Online neighborhood

A photo from the 1944 Norwegian 17th May parade in Brooklyn, N.Y. Photo courtesy of Erling Dugan.

A photo from the 1944 Norwegian 17th May parade in Brooklyn, N.Y. Photo courtesy of Erling Dugan.

Facebook group “Brooklyn Norwegians” connects those with Bay Ridge roots.

By Christy Olsen Field

A new grassroots movement to connect Norwegian-Americans has emerged through Facebook: Brooklyn Norwegians. The group was founded just two months ago, and it’s a common meeting space to reconnect with old friends, share photos and stories, and keep a sense of community through the power of social networking.

The group was founded by Erling Dugan, who emigrated in 1959 at the age of five with his mother and sister to join his father in Brooklyn, N.Y. He grew up on 49th Street and 51st Street, near 8th Avenue, also known as Lapskaus Boulevard. He graduated from Brooklyn Technical High School in 1971, and moved to Norway for his engineering education and work. Today, Dugan resides in Ventura, Calif., as a freelance Norwegian translator and interpreter, and is a regular contributor at

After reconnecting on Facebook with Myrna Fredriksen Scott, an old friend from Brooklyn he hadn’t seen for 20 years, Dugan decided to establish the Facebook group “Brooklyn Norwegians” to connect with others who have roots in Bay Ridge and other parts of Brooklyn.

In just two months since its founding, “Brooklyn Norwegians” has grown to over 400 members.

“It’s amazing how much we have in common,” said Dugan. “The most common questions we ask are about what schools and church people went to.”

A high concentration of Norwegian immigrants in Brooklyn came from Sørlandet, the southern coast of Norway. This region is part of the Bible Belt of Norway, and many of the immigrants brought over their strict religious traditions, such as the bedehus (prayer house), Lutheran lay organizations outside of the church.

“Even those who weren’t very religious sent their kids to Sunday School, and most were confirmed in one church or another,” said Dugan.

Though teachers discouraged parents from speaking Norwegian at home and school, the Norwegian community in Brooklyn maintained very strong ties to Norway, and many people moved back to the home country. Most moved to the suburbs.

“We are a special breed, different than the Norwegians in the Midwest,” said Dugan. “A recent project among junior high school kids revealed that 50 percent of junior high kids in Kvinesdal, Norway, had grandparents who had lived in the U.S., and 25 percent had parents who were born in the U.S.”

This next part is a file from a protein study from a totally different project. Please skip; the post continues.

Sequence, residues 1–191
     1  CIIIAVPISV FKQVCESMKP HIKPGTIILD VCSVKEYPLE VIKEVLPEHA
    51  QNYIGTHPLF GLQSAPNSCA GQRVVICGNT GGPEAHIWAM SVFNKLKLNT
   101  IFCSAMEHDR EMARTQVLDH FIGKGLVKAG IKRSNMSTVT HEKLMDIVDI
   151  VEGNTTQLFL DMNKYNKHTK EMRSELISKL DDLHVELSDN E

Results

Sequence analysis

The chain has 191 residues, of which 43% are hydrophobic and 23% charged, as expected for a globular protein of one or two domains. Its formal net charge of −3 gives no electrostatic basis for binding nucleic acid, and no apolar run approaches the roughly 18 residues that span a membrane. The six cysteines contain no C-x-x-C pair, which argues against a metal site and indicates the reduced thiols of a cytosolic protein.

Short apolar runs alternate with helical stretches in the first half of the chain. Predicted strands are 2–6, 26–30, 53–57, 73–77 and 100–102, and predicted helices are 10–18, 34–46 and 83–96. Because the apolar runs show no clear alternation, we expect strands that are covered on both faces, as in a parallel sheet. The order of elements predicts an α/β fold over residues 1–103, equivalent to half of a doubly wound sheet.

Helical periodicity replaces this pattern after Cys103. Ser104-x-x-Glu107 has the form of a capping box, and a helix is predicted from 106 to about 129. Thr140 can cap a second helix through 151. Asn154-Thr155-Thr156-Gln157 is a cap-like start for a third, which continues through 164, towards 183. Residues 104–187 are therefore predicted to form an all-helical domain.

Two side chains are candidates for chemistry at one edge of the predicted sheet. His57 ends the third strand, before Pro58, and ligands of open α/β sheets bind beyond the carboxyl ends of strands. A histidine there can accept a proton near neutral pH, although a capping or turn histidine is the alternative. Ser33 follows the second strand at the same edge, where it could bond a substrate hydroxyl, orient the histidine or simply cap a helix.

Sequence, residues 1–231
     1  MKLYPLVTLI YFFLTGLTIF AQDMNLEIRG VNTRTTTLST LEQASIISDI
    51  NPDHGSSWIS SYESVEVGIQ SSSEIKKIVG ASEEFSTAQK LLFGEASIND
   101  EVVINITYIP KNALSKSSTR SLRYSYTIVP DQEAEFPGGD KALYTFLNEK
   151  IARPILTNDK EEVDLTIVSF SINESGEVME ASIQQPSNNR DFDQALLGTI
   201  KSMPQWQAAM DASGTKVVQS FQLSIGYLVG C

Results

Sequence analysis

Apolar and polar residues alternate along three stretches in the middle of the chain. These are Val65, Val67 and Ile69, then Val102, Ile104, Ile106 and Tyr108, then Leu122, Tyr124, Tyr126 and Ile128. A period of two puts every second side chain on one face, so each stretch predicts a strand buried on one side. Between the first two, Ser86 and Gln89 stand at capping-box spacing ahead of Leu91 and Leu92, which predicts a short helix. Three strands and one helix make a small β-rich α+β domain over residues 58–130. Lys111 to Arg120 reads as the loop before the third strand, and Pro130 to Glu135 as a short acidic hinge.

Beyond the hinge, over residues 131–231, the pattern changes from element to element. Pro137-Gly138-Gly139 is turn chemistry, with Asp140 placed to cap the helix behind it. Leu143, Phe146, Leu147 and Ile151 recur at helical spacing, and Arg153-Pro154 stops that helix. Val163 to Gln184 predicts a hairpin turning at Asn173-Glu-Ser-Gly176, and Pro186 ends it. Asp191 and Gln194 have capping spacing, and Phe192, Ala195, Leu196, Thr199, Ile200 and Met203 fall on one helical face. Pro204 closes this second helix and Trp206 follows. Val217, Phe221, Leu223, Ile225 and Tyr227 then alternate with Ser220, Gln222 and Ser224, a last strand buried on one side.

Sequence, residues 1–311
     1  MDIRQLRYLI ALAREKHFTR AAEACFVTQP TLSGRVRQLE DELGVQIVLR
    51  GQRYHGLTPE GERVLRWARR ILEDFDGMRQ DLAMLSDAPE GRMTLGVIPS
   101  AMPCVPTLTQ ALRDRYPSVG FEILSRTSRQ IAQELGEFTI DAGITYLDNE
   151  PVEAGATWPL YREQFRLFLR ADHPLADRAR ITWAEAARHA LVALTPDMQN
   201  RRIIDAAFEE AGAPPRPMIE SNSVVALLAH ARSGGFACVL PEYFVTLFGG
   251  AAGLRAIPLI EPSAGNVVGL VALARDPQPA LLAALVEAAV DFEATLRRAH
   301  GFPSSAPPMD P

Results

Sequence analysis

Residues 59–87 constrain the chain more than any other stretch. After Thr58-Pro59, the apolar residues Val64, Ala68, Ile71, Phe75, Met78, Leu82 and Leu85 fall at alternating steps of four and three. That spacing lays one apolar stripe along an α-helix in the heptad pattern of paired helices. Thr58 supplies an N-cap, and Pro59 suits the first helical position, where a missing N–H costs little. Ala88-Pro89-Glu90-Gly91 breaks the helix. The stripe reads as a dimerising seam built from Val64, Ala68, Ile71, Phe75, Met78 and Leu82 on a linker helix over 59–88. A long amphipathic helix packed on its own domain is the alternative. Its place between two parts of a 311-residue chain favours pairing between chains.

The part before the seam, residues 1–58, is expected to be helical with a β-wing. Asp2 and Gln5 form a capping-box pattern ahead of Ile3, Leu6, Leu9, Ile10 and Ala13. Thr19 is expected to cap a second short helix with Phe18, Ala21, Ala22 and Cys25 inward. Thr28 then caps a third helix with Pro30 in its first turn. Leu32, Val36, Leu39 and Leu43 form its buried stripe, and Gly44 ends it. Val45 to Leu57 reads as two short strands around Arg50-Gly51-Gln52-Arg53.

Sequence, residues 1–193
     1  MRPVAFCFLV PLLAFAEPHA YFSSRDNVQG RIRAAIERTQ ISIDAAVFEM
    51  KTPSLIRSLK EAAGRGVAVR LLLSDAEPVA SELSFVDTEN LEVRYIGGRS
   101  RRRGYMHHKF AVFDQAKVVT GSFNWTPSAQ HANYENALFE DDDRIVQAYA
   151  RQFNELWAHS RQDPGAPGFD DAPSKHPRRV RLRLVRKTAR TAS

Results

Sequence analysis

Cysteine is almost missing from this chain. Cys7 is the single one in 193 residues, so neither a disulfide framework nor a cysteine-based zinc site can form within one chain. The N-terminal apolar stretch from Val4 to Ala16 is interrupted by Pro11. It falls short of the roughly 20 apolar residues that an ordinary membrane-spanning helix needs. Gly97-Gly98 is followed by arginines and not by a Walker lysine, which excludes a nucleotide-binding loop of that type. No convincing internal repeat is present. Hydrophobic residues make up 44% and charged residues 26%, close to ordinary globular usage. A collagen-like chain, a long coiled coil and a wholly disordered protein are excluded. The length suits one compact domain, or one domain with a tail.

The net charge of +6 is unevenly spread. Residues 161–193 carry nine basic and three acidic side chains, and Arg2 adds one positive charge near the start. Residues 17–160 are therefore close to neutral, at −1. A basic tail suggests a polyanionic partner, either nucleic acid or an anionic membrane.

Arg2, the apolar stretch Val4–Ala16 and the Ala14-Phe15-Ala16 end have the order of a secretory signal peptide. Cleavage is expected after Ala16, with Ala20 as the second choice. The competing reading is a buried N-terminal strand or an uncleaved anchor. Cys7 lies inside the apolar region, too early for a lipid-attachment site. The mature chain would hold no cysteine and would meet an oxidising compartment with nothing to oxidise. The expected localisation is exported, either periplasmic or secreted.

Members post photos, YouTube videos, recipes and more, and interact with others through comments. It’s a continual conversation about all things Norwegian and the wonderful memories of living in Brooklyn.

Dugan had help from a couple of Facebook friends to get the word out about the group, including Arlene Bakke Rutuelo, owner of Nordic Delicacies in Brooklyn. The group is more than just “virtual” friends – members of the “Brooklyn Norwegians” group will participate in the Syttende Mai Parade of Greater New York in 2012 in the new “Social Networking” category.

After World War II, more than 40,000 Norwegians lived in Brooklyn – the third highest concentration of Norwegians in the world. According to the census, just 1,100 people in Bay Ridge identify as Norwegian.

Dugan illustrates the decline of Norwegians in Brooklyn with the example of his church:  “I grew up in 59th Street Church, which held Norwegian language services until the 1990s. Today, the services are held in English and Chinese.”

“When I went back to Brooklyn and saw how it changed, it brought tears to my eyes,” said Dugan. “If only buildings could talk to tell us the history.”

With demographic shifts in neighborhoods and the growing need for community, the “Brooklyn Norwegians” group provides a common space for people to connect with old friends, neighbors and their Norwegian heritage.  For more information, visit and search “Brooklyn Norwegians.”

This article originally appeared in the Oct. 21, 2011 issue of the Norwegian American Weekly. To subscribe, visit SUBSCRIBE or call us at (800) 305-0271.

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The Norwegian American is North America's oldest and only Norwegian newspaper, published since May 17, 1889.